For anyone seriously concerned with his “legacy”, the surprise announcement by Pope Benedict XVI, of his intention to renounce the ministry of Bishop of Rome “as from 28 February 2013, at 20:00 hours”, deserves a more considered approach. For example, following on from his initial response, at the Telegraph Blogs Damian Thompson reproduces the Catholic Herald’s “10 reasons why Catholics should give thanks for the Pope’s ministry”. As Damian Thompson adds,
I don’t expect non-Catholics, or even all Catholics, to agree with the paper’s verdict; but I hope it will help some readers understand why Benedict inspired such intense love and loyalty at a time when liberal commentators were determined to misrepresent him.
In the Irish Times Eamon Duffy makes an interesting point
But Pope Benedict is clearly more conscious than his predecessor was that in the absolute autocracy that is the papacy, if the pope is not doing his job, somebody else is, behind the scenes. [added emphasis]
His statement goes on to insist that “in today’s world, subject to so many rapid changes and shaken by questions of
deep relevance for the life of faith” a pope must have “strength both of mind and body”.
In those few words a momentous shift of understanding is signalled. For more than a millennium the papacy’s role has been at least as much a religious icon as an administrative centre. In recent times popes have acted and have been perceived as a different kind of creature from all other bishops.
All of Pope Benedict’s episcopal colleagues are obliged to offer their resignation when they reach 75 (an offer that is rarely refused). And all cardinals are automatically disqualified from participation in papal elections when they turn 80.
Only the papacy itself has been thought to be above questions of effectiveness and competence. No longer. In his brief and unassuming statement to the cardinals yesterday morning, in which he asked forgiveness for his deficiencies, Papa Ratzinger took a huge step towards the demystification of the world’s oldest and most sacred office, with the quiet insistence that one has to be up to the job. With that perception, that the papacy is not only Christianity’s most exalted religious calling , but a job, with mundane responsibilities which the incumbent must be fit to discharge, this modest professional theologian has changed the rules of the game.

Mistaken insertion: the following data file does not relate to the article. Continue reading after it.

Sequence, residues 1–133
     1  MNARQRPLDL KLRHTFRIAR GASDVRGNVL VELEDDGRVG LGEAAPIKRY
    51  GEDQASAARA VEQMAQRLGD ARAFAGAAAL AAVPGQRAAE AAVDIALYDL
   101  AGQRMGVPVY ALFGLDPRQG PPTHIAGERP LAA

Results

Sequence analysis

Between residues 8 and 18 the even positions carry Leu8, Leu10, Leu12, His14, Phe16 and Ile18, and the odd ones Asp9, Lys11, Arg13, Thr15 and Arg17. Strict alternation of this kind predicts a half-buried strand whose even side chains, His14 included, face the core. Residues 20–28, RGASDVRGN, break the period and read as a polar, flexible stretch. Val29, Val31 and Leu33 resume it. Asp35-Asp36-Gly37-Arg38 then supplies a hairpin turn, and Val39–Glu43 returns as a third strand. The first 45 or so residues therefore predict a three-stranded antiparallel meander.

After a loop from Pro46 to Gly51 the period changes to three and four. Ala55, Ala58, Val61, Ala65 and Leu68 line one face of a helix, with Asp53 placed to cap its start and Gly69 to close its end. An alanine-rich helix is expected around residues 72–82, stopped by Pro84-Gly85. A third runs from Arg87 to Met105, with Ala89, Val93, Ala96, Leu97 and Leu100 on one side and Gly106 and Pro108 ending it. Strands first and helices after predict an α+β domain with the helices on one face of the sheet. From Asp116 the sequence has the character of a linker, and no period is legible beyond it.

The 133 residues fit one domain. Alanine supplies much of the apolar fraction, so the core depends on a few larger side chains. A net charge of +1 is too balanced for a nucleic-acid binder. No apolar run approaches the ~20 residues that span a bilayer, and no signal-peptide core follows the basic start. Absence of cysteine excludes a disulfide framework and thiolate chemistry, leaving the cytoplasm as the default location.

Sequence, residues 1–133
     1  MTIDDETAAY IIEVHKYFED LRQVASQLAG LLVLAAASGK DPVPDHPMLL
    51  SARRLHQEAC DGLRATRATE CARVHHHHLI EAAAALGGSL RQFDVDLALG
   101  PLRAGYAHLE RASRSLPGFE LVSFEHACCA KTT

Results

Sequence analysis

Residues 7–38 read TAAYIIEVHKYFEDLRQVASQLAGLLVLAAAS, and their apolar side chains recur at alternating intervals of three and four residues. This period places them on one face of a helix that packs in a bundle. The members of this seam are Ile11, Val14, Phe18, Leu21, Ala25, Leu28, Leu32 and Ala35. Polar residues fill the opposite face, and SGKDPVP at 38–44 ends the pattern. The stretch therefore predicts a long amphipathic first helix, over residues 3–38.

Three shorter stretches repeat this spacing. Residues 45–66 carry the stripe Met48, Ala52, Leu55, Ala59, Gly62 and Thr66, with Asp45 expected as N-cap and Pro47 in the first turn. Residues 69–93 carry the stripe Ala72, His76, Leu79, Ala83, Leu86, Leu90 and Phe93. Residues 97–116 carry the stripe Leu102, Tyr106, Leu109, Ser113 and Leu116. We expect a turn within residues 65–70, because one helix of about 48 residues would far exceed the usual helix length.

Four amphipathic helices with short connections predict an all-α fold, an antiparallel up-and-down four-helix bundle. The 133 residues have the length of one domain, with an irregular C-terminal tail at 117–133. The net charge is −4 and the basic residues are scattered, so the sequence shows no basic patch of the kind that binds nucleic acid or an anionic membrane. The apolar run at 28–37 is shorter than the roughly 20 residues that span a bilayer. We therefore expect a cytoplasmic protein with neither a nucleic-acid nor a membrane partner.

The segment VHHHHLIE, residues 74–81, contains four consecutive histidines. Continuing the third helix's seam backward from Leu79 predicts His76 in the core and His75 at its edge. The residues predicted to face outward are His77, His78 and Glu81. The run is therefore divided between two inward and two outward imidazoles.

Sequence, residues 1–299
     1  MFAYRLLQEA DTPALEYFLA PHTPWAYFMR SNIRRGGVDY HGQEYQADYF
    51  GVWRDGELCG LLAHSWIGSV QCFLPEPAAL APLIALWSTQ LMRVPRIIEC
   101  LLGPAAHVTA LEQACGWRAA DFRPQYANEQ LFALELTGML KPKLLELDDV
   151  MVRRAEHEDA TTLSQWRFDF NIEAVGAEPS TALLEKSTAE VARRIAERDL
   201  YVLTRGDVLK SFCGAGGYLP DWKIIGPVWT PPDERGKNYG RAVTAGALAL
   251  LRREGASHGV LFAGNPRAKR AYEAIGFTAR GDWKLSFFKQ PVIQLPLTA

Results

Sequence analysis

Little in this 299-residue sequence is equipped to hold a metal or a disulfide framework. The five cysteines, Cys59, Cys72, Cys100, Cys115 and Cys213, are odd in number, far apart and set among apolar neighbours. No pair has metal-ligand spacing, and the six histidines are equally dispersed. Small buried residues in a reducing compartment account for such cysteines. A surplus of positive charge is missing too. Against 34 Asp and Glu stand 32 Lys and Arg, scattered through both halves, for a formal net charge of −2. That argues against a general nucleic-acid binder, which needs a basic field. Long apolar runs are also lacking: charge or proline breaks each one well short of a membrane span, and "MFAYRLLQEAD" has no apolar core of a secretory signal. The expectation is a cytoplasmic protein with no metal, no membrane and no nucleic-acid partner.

Many will regret and some deplore his decision. But Pope Benedict has liberated his successors to think of their election as a fixed-term appointment. And he has liberated the cardinal electors, with the realisation that the church is not necessarily stuck with their choice ’till death do us part.
Perhaps. But, for now, Benedict’s resignation creates the extremely rare, if not unique, scenario in which the cardinal electors of his successor will do so in the knowledge that, although he won’t be able to vote, he is still there. Although I think we can safely assume that, unlike the “irredeemably outrageous Benedict IX”, he hasn’t sold the papacy to his godfather.
The 118 cardinals currently under the age of 80 who are eligible to vote will be reduced to 117 by the date Benedict has chosen to step down – if they dally over their choice, that number could become fewer. And as the BBC notes
Sixty-seven of the current cardinal-electors were appointed by Benedict XVI, and 50 by his predecessor John Paul II.
The BBC article goes on to note that
John Paul II changed the rules of the Conclave so a Pope could be elected by simple majority. But Benedict XVI changed the requirements back so that a two-thirds-plus-one vote is required, meaning the man elected is likely to be a compromise candidate.
RTÉ reports the comments of Vatican spokesman Fr Federico Lombardi
Fr Lombardi also confirmed that Benedict will step aside completely from any role in running the church after he resigns and will play no part in the election of his successor.
He said: “The Pope has said in his declaration that he will use his time for prayer and reflection and will not have any responsibility for guidance of the church or any administrative or government responsibility.
“This is absolutely clear and this is the sense of the resignation.”
And a BBC report adds
Georg Ratzinger said his brother had been advised by his doctor not to take any more transatlantic trips and had been considering stepping down for months.
“When he got to the second half of his 80s, he felt that his age was showing and that he was gradually losing the abilities he may have had and that it takes to fulfil this office properly.”
He said the resignation therefore was part of a “natural process”.
And he added: “Where he’s needed he will make himself available, but he will not want to want to intervene in the affairs of his successor.”
But Benedict, undoubtedly, has left unfinished business. As I’ve mentioned before
It’s all part of [Benedict's] wider campaign..
Or, as the Benedictine John Waters put it back in 2008
Benedict’s project is the restoration to western culture of an integrated concept of reason, the re-separation of the metaphysical from the physical.
To repeat what I said then…
He’s right, in a way, that Benedict seeks an “integrated concept of reason” – Benedict has appealed to a “greater form of reason” previously. But, as I’ve pointed out before, the re-equating, or re-entwining, of religion and science that Benedict actually seeks is not an Enlightenment, it’s an Un-Enlightenment.